Over the last couple of days, while I've been assessing my year, I've also been assessing my reading year. Books are such an important part of my life - not only do I work in them but I also consume them rabidly - that it would be a sad twelve months indeed if I didn't come across a number of works that had touched me, and at least a couple of books to add to my all time favourites list.
I remember saying to someone at the beginning of this year that I'm not a big memoir person. Too self-indulgent perhaps, or too limited. But as I reflect on my reading year I realise that I've actually read some bloody brilliant memoirs this year. In fact over the years I've read some seriously great memoirs which I would unreservedly recommend to any other readers: The Year of Magical Thinking (Joan Didion), Truth & Beauty (Ann Patchett), Lucky (Alice Sebold), The View from Castle Rock (Alice Munro - part memoir, part history, part fiction) and Borrowed Finery (Paula Fox).
I guess that, because I find novels so expansive and so representative (and because of that so TRUE), they are the books that overwhelmingly make up my top 10, 20 or 50 books of all time. Having said that though, when I look back at 2011 I would be hard pressed not to include these three beautiful memoirs in my ten favourites of this year.
Emma Forrest's memoir Your Voice in My Head focuses, essentially, on the author's relationship with her therapist. Suffering from depressive episodes throughout her young life (and she is still young) this therapist had seemed to be the only person who had really made a dent in Forrest's sadness. But then he died.
Your Voice in My Head is really Forrest's way of writing out her grief and her feelings are so raw and honest and beautifully drawn you can't fail but be moved. There is also a lot in this book about family and familial legacy as well as romantic love (and lust). Oh, and an awful lot about self esteem. There is much in here that any woman who has had her heartbroken could relate to. And haven't we all at one time or another?
Jeanette Winterson is a tremendously talented writer. Her way with prose is sigh inducing, in a majorly good way. There are passages in Why Be Happy When You Could Be Normal? that had me wishing I had a pencil with me so I could do some serious underlining. If you've read Winterson's debut novel Oranges Are Not the Only Fruit then her memoir will definitely intrigue. The first half is basically the true story from which that novel was drawn; the story of a working-class childhood of a bookish little girl adopted by a fiercely religious (and completely mad) woman. If it's possible, the real version of Winterson's mother is even madder than the fictional one. The second half of the novel is Winterson's very affecting story of her search for her birth mother. And finally Joshua Cody, a young 'un on the literary scene - he claims this will be his one and only book - has written a story about mortality and a brush with death. An intellect and musician living the life in New York, in his 30s Cody was diagnosed with an aggressive form of cancer.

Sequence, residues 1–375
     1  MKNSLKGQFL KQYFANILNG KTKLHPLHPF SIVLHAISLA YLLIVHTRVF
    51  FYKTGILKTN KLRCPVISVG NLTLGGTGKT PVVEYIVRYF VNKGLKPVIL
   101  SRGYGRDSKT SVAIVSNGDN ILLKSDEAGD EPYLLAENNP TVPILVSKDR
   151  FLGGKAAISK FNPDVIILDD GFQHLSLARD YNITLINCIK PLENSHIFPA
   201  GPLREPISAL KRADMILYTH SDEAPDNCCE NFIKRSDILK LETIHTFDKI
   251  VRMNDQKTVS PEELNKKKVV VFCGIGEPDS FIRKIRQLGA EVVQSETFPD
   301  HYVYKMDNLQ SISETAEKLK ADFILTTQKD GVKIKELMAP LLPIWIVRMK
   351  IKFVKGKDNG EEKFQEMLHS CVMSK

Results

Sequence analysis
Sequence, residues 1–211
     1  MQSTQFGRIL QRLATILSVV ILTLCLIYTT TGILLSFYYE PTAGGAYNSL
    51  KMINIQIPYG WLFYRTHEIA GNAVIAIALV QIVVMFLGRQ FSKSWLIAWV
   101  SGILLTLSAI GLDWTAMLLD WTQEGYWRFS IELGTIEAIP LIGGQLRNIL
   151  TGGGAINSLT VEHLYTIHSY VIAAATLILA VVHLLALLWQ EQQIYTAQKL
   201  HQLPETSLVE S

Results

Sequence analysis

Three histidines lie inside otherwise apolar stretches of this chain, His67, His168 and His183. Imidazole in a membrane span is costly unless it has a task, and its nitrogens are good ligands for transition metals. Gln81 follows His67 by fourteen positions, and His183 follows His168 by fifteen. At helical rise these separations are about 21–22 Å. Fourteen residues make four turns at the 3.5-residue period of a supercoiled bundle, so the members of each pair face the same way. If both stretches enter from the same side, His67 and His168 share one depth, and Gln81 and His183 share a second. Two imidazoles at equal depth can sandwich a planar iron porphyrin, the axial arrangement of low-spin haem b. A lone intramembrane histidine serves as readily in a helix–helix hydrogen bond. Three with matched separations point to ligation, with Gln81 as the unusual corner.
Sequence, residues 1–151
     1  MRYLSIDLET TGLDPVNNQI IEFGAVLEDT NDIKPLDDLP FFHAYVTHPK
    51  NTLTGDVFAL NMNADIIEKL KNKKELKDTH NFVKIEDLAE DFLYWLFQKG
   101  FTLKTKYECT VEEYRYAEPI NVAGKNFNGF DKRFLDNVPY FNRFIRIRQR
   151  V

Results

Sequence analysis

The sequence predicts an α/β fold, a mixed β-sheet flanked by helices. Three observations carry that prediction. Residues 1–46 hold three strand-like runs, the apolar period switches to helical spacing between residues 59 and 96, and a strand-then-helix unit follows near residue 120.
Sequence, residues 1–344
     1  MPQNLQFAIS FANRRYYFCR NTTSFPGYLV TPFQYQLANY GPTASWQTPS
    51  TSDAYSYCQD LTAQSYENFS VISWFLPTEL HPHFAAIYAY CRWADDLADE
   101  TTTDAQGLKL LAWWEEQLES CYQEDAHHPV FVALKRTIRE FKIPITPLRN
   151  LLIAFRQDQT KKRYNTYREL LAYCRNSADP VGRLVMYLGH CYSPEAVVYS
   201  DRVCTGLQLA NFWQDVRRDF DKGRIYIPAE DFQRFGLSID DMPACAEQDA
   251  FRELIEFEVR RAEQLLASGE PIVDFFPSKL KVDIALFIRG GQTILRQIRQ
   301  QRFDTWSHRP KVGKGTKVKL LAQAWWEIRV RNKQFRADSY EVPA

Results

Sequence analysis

This book is such a pastiche; it includes musings on poetry and art interspersed with diary entries from himself and his mother during his stay in hospital, as well as deeply personal remembrances of his father, existential crises, sex, drugs, rock 'n' roll and lots, lots more. The prose style is actually quite pretentious but I kind of loved it. I found it deeply original and honest in its affectation, if that makes sense. I felt, when I read it, that this was REALLY HOW THIS GUY WAS. He was someone I would want to sit down and have a meal with. I actually really hope he writes some more.
And what of fiction, you may say? Well my runner up for my Book of the Year (only including novels I've actually read, mind you) is Malcolm Knox's The Life, an unfortunately little read story about an Australian surf champion from the 60s and 70s battling mental illness. Simply brilliant. And my number one is most definitely Jennifer Egan's Pulitzer Prize winning A Visit From the Goon Squad. What I wouldn't give to write like her.
I used to love writing. It was my default activity (that, and reading); everything else something I endured in order to get to the writing. I would hide my...